How this 24-year-old medical student brought drinking water and electricity to a remote village in Rajasthan
This is the story of one man’s struggle to better the living conditions of Rajghat, a remote village in Rajasthan. With his untiring efforts, villagers now have access to electricity and potable water.
On the border that separates Rajasthan from Madhya Pradesh, lies Rajghat, a village cut off from mainstream society.
With unpaved paths and rocky boulders lining the region, pucca roads remain a distant dream. At any given point in time, it is common to spot the residents of the village clamouring for water and yearning for electricity. They are denied some of the most basic amenities needed for a healthy human habitat.
Into this rocky terrain and unfulfilled lives of the villages entered Ashwani Parashar, a 24-year-old medico whose aim in life was to make a difference, and “be the change he wished to see”.
Ashwani is a student of Sawai Man Singh Medical College, Jaipur. He visited Rajghat for the first time in 2016 to distribute sweets to the underprivileged during Diwali. When he saw first-hand the plight of the villagers who had no access to electricity or potable water, he was shocked.
Apart from a hand pump, the only source of water in the village was the River Chambal. However, even that was polluted.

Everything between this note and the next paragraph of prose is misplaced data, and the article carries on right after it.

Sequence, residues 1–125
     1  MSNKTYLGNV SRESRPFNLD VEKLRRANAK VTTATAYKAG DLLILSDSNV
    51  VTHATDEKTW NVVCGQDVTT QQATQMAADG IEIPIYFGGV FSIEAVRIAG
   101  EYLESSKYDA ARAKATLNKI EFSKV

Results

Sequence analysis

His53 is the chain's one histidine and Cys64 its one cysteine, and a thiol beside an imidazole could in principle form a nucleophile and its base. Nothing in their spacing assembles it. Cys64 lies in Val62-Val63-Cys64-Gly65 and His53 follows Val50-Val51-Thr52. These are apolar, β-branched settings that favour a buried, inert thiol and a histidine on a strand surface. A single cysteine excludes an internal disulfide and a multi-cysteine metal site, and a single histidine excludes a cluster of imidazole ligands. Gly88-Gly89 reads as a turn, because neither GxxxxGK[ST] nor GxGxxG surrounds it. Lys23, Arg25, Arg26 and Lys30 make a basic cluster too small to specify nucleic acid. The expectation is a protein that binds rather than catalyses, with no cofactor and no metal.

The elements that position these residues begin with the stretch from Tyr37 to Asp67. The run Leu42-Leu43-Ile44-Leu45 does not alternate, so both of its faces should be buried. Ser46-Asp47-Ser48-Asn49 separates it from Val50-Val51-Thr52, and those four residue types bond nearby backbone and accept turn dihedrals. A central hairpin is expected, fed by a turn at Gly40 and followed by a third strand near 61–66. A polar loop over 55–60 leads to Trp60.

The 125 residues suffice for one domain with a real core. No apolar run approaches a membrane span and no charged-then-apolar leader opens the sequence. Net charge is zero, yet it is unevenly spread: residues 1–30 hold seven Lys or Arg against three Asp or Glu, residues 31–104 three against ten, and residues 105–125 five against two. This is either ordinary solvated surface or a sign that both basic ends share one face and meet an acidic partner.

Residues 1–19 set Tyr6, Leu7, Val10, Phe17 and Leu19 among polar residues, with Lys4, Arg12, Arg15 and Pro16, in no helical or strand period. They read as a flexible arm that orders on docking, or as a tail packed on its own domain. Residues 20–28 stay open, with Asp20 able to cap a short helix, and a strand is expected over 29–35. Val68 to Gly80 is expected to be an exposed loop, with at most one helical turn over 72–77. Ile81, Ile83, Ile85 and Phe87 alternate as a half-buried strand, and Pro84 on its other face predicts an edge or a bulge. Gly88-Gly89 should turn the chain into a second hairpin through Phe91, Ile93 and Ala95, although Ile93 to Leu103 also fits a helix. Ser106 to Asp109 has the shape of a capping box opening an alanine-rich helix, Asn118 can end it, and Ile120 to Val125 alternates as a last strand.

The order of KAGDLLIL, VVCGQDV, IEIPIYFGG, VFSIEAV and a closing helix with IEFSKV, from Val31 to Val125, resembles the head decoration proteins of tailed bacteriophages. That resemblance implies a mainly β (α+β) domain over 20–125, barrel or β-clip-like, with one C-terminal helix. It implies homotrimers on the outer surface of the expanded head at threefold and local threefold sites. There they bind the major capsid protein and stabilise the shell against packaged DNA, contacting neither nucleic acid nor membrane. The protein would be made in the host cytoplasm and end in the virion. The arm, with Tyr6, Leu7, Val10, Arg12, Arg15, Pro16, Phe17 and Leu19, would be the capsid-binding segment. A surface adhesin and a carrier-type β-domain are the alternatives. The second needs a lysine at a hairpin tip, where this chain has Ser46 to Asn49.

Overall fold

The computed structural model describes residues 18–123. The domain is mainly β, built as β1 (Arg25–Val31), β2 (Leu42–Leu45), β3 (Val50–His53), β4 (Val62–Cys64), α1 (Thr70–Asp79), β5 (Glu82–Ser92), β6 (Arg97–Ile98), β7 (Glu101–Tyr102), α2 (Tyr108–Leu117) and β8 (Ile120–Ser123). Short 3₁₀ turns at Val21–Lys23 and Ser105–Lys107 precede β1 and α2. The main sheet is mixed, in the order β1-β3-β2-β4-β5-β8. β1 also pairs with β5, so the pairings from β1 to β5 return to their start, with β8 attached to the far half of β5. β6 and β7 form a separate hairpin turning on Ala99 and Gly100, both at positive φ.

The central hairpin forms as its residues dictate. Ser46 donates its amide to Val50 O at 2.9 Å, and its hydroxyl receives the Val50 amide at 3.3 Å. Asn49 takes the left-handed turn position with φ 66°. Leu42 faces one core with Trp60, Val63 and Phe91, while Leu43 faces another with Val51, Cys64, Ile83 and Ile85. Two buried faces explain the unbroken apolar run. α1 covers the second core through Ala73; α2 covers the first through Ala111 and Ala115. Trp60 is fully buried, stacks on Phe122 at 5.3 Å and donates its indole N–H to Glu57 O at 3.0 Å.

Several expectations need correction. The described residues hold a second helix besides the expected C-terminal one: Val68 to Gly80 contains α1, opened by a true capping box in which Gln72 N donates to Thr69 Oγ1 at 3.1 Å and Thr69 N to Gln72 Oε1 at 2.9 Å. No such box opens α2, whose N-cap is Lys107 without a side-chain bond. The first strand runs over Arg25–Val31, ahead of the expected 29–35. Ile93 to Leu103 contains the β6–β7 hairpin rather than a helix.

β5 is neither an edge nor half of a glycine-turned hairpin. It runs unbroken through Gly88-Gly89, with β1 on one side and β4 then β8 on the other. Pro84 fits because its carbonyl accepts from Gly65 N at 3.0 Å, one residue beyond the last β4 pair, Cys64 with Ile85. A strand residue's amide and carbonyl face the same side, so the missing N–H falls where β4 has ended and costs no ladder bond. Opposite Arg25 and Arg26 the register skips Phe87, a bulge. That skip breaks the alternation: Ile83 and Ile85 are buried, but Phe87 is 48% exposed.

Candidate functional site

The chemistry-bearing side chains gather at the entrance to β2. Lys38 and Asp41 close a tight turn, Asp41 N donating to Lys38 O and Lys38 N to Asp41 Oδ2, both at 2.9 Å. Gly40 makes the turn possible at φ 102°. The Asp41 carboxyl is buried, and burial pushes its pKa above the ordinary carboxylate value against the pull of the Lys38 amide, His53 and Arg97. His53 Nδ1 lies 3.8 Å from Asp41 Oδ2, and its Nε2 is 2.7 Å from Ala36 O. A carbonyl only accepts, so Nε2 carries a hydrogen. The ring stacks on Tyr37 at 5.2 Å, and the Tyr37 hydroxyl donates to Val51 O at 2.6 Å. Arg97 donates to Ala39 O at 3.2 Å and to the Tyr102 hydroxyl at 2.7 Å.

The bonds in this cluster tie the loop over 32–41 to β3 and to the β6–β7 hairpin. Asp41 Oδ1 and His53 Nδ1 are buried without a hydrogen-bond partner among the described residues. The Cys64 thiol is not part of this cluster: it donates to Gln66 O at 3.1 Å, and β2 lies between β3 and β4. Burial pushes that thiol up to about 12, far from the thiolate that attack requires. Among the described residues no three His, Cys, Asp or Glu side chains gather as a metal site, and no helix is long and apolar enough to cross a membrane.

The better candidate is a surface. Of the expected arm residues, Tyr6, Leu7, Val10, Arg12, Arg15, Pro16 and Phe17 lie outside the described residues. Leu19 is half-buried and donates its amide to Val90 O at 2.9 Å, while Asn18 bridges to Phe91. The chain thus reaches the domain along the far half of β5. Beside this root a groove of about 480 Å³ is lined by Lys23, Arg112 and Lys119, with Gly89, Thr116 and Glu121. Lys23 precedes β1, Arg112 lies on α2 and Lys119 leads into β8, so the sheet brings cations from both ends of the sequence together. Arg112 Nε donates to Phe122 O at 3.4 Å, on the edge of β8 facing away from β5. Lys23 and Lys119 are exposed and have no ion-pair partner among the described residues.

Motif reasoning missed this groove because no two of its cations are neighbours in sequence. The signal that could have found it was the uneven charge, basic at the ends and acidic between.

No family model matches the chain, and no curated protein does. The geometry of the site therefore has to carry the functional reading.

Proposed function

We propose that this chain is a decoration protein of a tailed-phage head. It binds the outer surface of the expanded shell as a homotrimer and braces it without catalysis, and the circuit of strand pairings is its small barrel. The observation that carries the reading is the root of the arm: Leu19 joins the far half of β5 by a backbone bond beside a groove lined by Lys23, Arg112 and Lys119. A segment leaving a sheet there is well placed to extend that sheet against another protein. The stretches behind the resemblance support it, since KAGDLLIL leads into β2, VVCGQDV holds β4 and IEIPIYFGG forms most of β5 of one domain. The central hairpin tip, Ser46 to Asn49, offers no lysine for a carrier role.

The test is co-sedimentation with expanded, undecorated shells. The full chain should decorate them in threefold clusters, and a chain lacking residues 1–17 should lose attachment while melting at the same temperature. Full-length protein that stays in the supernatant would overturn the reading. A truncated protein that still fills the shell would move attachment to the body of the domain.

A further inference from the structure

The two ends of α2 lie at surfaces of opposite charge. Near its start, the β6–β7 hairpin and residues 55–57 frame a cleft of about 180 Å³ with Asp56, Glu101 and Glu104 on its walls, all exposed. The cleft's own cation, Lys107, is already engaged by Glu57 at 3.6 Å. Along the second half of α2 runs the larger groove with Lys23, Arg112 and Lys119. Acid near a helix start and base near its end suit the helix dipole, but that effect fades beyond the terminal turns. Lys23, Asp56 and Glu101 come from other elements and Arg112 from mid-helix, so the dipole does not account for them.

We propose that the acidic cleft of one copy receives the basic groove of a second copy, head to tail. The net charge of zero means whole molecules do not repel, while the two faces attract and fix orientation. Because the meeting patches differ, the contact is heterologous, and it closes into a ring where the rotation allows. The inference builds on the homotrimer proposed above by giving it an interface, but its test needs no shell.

“I could see carcasses of animals floating on the surface of the river. Since the residents of the area did not have any other choice, they were risking their lives by consuming the water. Such were the inhuman conditions under which they were living,” notes Ashwani.
For most of the villagers, life used to come to a standstill after sunset. Food had to be cooked during the day and children had to complete their homework before it got dark. The practice of open defecation was widespread due to the absence of toilets.
The next year, with the support of a few friends, Ashwani began knocking on the doors of various government departs to implement welfare schemes in the village. He held a number of meetings with the Public Works Department (PWD) officers, District Collector, and the Principal Secretary. He also wrote letters to the Chief Minister of the State as well as the Prime Minister’s Office (PMO).
When the meetings and letters yielded no results, Ashwani initiated #SaveRajghat, a social media campaign aimed at getting people together to help the cause. He also filed a Public Interest Litigation (PIL) in 2019 in the High Court against the Government of Rajasthan on the grounds of Right to Life as mentioned in Article 21 of the Indian Constitution.
Not only did he bring about a sense of awareness about the poor conditions of the village, but he also sought support from people to make the lives of the residents better. The #SaveRajghat campaign was well-received across all platforms including Facebook and Twitter.
Through his efforts, Ashwani managed to garner enough funds from both non-governmental organisations and individual donors for Rajghat’s development. Today, all 100 households have electricity, and most of the residents have access to clean drinking water as well as restrooms.
Together, we can